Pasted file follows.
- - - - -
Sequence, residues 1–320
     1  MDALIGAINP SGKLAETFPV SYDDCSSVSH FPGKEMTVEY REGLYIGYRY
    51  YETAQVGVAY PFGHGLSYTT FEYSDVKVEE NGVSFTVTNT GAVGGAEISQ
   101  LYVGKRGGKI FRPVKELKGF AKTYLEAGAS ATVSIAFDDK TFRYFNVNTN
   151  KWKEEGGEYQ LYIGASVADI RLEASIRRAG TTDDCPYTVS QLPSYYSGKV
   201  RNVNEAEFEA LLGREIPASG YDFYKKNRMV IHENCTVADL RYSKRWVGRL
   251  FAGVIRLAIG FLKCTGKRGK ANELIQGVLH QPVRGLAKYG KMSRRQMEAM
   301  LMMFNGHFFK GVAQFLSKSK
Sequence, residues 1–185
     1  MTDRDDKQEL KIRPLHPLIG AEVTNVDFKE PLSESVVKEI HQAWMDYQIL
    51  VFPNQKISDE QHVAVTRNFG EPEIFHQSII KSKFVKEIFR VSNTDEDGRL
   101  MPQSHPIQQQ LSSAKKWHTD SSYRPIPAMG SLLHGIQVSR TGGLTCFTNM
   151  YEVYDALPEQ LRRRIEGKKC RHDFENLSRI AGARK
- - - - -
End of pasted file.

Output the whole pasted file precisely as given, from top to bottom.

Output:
Sequence, residues 1–320
     1  MDALIGAINP SGKLAETFPV SYDDCSSVSH FPGKEMTVEY REGLYIGYRY
    51  YETAQVGVAY PFGHGLSYTT FEYSDVKVEE NGVSFTVTNT GAVGGAEISQ
   101  LYVGKRGGKI FRPVKELKGF AKTYLEAGAS ATVSIAFDDK TFRYFNVNTN
   151  KWKEEGGEYQ LYIGASVADI RLEASIRRAG TTDDCPYTVS QLPSYYSGKV
   201  RNVNEAEFEA LLGREIPASG YDFYKKNRMV IHENCTVADL RYSKRWVGRL
   251  FAGVIRLAIG FLKCTGKRGK ANELIQGVLH QPVRGLAKYG KMSRRQMEAM
   301  LMMFNGHFFK GVAQFLSKSK
Sequence, residues 1–185
     1  MTDRDDKQEL KIRPLHPLIG AEVTNVDFKE PLSESVVKEI HQAWMDYQIL
    51  VFPNQKISDE QHVAVTRNFG EPEIFHQSII KSKFVKEIFR VSNTDEDGRL
   101  MPQSHPIQQQ LSSAKKWHTD SSYRPIPAMG SLLHGIQVSR TGGLTCFTNM
   151  YEVYDALPEQ LRRRIEGKKC RHDFENLSRI AGARK